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The Herald newspaper quoted Utloile Silaigwana, a deputy chief elections officer, as saying there were "signs that the counting might take longer than the three days we had projected".

He said the delay was mainly due to party agents "raising issues which they would want attended to and clarified".

Delays and problems

Kohler-Barnard said the process was marred by delays and administrative problems.

"The repeated miscommunication of venue addresses meant that party agents and electoral observers were frequently posted to the incorrect venue, thus undermining the observation process and contributing to further delays in the recount," she said.

Results declared before the recount was announced showed that Zanu-PF had lost control of parliament for the first time since independence in 1980.

However, it would need to claim just nine more seats during the process to regain its majority.

The opposition Movement for Democratic Change (MDC) has denounced the recount as illegal and says it will refuse to recognise the results.

Britain, Zimbabwe's former colonial ruler, has dismissed the recount as an attempt to steal the election.

"No one can have any faith in this recount," David Miliband, the foreign minister, said, questioning the security of the ballot boxes held by the authorities since March 29.

Zanu-PF denial

Meanwhile, Zanu-PF dismissed reports that its supporters were arming themselves in the aftermath of the March 29 election.

Dozens of opposition activists were arrested
before last week's general strike [AFP]
Bright Matonga, the deputy information minister, said that claims by Tendai Biti, the MDC secretary general, that Mugabe had unleashed a war against the people should be treated with contempt.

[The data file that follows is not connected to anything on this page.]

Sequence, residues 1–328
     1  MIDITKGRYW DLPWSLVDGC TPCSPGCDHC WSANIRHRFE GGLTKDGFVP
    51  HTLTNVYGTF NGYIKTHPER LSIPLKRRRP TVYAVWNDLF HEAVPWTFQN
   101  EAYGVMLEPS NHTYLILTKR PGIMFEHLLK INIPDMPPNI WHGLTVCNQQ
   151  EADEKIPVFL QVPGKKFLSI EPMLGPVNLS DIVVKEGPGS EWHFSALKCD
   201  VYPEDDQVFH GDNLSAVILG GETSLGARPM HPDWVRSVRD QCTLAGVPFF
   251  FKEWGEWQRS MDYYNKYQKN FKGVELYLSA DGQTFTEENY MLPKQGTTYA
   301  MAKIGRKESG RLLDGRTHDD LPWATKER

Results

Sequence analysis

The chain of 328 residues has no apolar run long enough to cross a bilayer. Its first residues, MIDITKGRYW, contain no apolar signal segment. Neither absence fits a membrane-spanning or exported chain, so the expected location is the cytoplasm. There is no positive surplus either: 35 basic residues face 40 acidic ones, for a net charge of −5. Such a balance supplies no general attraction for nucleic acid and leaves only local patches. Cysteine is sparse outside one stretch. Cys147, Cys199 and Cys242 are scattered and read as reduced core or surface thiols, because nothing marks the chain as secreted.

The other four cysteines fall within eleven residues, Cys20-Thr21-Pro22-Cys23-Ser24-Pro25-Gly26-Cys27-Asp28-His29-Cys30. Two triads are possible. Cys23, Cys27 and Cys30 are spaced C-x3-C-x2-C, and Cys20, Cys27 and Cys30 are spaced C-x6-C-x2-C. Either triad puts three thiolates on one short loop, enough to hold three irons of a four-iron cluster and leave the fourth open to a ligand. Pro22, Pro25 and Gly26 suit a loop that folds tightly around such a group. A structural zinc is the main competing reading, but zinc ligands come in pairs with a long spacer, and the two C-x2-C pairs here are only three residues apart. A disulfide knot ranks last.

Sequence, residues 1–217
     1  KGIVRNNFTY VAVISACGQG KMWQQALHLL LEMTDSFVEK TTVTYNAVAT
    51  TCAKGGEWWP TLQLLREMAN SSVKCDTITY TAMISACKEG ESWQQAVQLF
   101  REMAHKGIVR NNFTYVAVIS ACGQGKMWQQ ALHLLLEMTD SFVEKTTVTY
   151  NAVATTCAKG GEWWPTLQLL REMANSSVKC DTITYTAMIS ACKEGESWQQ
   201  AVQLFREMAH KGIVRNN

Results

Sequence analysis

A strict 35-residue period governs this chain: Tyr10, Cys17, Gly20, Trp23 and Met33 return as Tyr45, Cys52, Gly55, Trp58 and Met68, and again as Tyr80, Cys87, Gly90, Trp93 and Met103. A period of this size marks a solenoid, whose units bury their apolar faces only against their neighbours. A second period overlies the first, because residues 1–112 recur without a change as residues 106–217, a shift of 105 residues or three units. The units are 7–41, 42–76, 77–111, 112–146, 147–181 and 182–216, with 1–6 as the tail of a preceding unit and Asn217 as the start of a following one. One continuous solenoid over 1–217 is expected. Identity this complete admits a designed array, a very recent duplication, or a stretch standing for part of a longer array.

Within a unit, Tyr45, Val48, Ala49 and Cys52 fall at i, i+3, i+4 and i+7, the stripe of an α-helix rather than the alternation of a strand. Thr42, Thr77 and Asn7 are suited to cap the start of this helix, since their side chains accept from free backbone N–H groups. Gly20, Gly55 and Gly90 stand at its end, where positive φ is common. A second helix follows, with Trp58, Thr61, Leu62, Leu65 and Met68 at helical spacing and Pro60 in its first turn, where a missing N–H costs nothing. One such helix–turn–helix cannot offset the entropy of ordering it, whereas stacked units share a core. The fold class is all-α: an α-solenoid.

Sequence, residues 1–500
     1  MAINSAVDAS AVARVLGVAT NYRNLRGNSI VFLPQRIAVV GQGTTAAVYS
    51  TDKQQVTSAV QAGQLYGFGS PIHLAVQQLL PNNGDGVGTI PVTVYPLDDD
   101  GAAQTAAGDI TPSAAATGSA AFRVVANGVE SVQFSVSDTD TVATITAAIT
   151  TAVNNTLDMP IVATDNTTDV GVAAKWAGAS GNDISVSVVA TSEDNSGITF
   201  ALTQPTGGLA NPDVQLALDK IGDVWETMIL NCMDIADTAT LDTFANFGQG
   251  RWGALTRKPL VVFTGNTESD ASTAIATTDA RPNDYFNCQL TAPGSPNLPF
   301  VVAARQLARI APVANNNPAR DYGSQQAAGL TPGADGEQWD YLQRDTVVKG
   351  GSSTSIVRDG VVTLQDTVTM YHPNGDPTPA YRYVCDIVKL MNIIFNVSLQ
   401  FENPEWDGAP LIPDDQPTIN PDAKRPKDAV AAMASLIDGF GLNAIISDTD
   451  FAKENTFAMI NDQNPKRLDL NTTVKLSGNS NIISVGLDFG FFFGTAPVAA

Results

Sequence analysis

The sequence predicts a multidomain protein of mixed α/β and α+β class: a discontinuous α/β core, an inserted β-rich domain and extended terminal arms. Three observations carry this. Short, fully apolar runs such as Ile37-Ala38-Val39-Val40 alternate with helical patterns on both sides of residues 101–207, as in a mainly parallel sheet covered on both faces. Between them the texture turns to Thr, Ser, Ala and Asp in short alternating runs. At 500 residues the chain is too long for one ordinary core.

"There is nothing of the sort. These are imaginary vigilantes. They are so desperate," he told South African radio.

Matonga also ridiculed reports which claimed Mugabe supporters were attacking MDC supporters.

"Where is that international media getting those reports from? They are obviously lies that are being peddled by the MDC to get attention to force President Mugabe out of power through the means of force," he said.

Opposition arrests 

Biti said on Sunday that at least 10 people had died and hundreds of activists arrested since the poll.

Dozens of opposition activists detained before a general strike called last week were set to appear in court on Monday.

Lawyers say the activists are to be formally charged with offences ranging from public violence to obstructing traffic.

Innocent Gonese, MDC secretary for legal affairs, said his party's supporters were being held while none of the ruling party militias had been arrested for the alleged murders and assaults of opposition sympathisers.

"This is obviously a manifestation of selective application of the law by the regime. It's not something new," he said.